I was completely fascinated by the article Mind Over Body: Stroke victims cannot perceive paralysis in themselves--or others in Scientific American. This notion that, “Some anosognosics not only are unaware of their own paralysis, they are also unable to perceive paralysis in others. This finding seems to indicate that our awareness of ourselves is inextricably entwined with our awareness of others” is something that I’m having trouble understanding in terms of corollary discharge. If corollary discharge is a mechanism in the brain that allows one to distinguish between self-generated and external stimuli or perceptions then what role does it play in the awareness of others in the case of anosognosics? I guess I’m just having trouble applying this neurobiological concept to a case that involves not just a self-awareness but an awareness apart from ourselves. This articles certainly does add, “a new twist on the old mind-body problem; our bodies are, in a sense, self-projected constructs, an integral part of our minds” – a concept that brings us back to the beginning of the semester in talking about Dickinson’s and Descartes stories on the brain and behavior.

emily's picture

corollary discharge

 Corollary discharge has helped me better understand vision and hallucinations. In my first web paper a Revision of Vision, I wrote about vision as a function of the brain, that what we see has to do with what neurons are active (whether due to outside stimuli or processes within the brain). However, I had no background to say what specifically would cause the brain to activate its own neurons. This week we learned that CPGs interact across the NS with sensory input, influencing how that input is interpreted. The brain's own "outputs" altering how our sensory inputs are translated supports my claims, that what we see has just as much to do with what our eyes tell us (sensory input) as what our brains tell us (CPGs/corollary discharge). Corollary discharge helps us make sense of behavior in terms of the neurons because it shows how connected all the neurons are to each other; they can "check" each other. 

mcurrie's picture

Pain and Corollary Discharge

As we talked about corollary discharge and its connection to phantom limb and feeling pain in their nonexistent limb I was thinking about pain. Like when you get a cut or some child scrapes their knee and doesn't feel the pain. But when someone points out they have a cut and the person looks down then the cut starts to hurt and with children they have the sudden reaction to cry. Why when we get the cut is there no pain? I can understand that when looking at a cut the corollary discharge would tell the body that is it hurt and that the body should feel pain and so you then experience pain. But what about before looking at the cut? What is blocking the feeling of pain? You could also see this when children fall and parents make a face. Sometimes the kid is fine and as long as their parents don't make a sad or weird face the kid laughs and goes on with playing. But when someone makes a face and asks the child if their fine they start crying knowing that they should be hurt. Is this corollary discharge of placing a certain face and voice to being hurt and so tell the child their hurt and should start crying? Then this still opens the question of what is pain? What makes us feel pain? Is it corollary discharge, a central pattern, something else or a complex of patterns, neurons, chemicals?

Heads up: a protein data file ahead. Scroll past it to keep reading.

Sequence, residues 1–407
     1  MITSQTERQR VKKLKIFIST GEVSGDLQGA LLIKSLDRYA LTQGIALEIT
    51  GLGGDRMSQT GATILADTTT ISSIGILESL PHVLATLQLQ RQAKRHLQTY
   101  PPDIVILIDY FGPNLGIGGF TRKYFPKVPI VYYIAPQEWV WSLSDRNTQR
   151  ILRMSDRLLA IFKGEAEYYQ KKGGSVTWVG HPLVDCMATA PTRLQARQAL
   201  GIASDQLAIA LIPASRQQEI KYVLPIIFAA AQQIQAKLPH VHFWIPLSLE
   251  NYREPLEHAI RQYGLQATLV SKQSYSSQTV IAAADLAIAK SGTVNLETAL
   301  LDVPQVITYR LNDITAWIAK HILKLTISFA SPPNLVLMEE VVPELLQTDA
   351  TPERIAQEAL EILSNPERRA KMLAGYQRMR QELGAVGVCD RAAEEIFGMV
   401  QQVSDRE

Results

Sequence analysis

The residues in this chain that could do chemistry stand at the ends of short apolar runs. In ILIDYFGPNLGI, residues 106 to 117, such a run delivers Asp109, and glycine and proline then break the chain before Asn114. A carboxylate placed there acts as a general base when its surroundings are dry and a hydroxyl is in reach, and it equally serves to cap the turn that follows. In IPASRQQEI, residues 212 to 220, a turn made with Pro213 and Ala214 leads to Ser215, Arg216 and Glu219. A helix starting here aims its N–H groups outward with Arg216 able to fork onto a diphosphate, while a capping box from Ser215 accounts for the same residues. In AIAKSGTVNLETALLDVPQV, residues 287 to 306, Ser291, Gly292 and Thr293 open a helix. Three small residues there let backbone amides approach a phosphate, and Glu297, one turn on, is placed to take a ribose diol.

Jeanette Bates's picture

phantom limbs and carsickness

             I think that corollary discharge has helped me understand a lot of natural phenomena. For example, I get carsick rather easily, especially on the blue bus, and my friend has always told me that I should look out the window when I get carsick.  Whenever I do, I start to feel better. I now recognize that my body happens to be very sensitive to conflicting signals. My inner ear is telling me that I’m moving, but when I’m reading or even just looking at the head in front of me, my eye’s sensory neurons are telling me that I’m not moving.  When I look out the window, however, I see movement, and so the conflict goes away.

            Corollary discharge also helps me make sense of why the mirror treatment works on people with phantom limb syndrome. If someone’s eyes see that there is no limb moving, even when that person thinks that he or she is moving it, then that person’s body will come to realize that there is no limb to move and the pain that that person feels will decrease. This makes me wonder about how much pain a person with a prosthetic limb would feel. If the sensory neurons see that there is a limb, does that information trick the brain into thinking that there is a limb? And if it does, would this decrease pain because it would cause the brain to think that the signals for movement are successfully getting through? 

gloudon's picture

stuck on central pattern generators...

 So, I am aware that we have moved on to corollary discharge, but I have one more CPG question left.  Does each innate skill get its own CPG? Or, can multiple, similar things be stored in one central pattern generator.  If you think about memorizing pieces of music, to the point where your I-function conflicts with your CPG's ability for you to play the piece of music without thinking, does it create and get stored in one big CPG file in your brain?  To me, it would make sense to have a music CPG that stored all of the pieces, or to have one CPG for each piece of music that you memorized.  Further, if you play multiple multiple instruments and or read multiple musical clefts, are they stored in the big music CPG or do they each have their own CPG?  If they are separate CPG's, does each subsequent CPG become easier to form?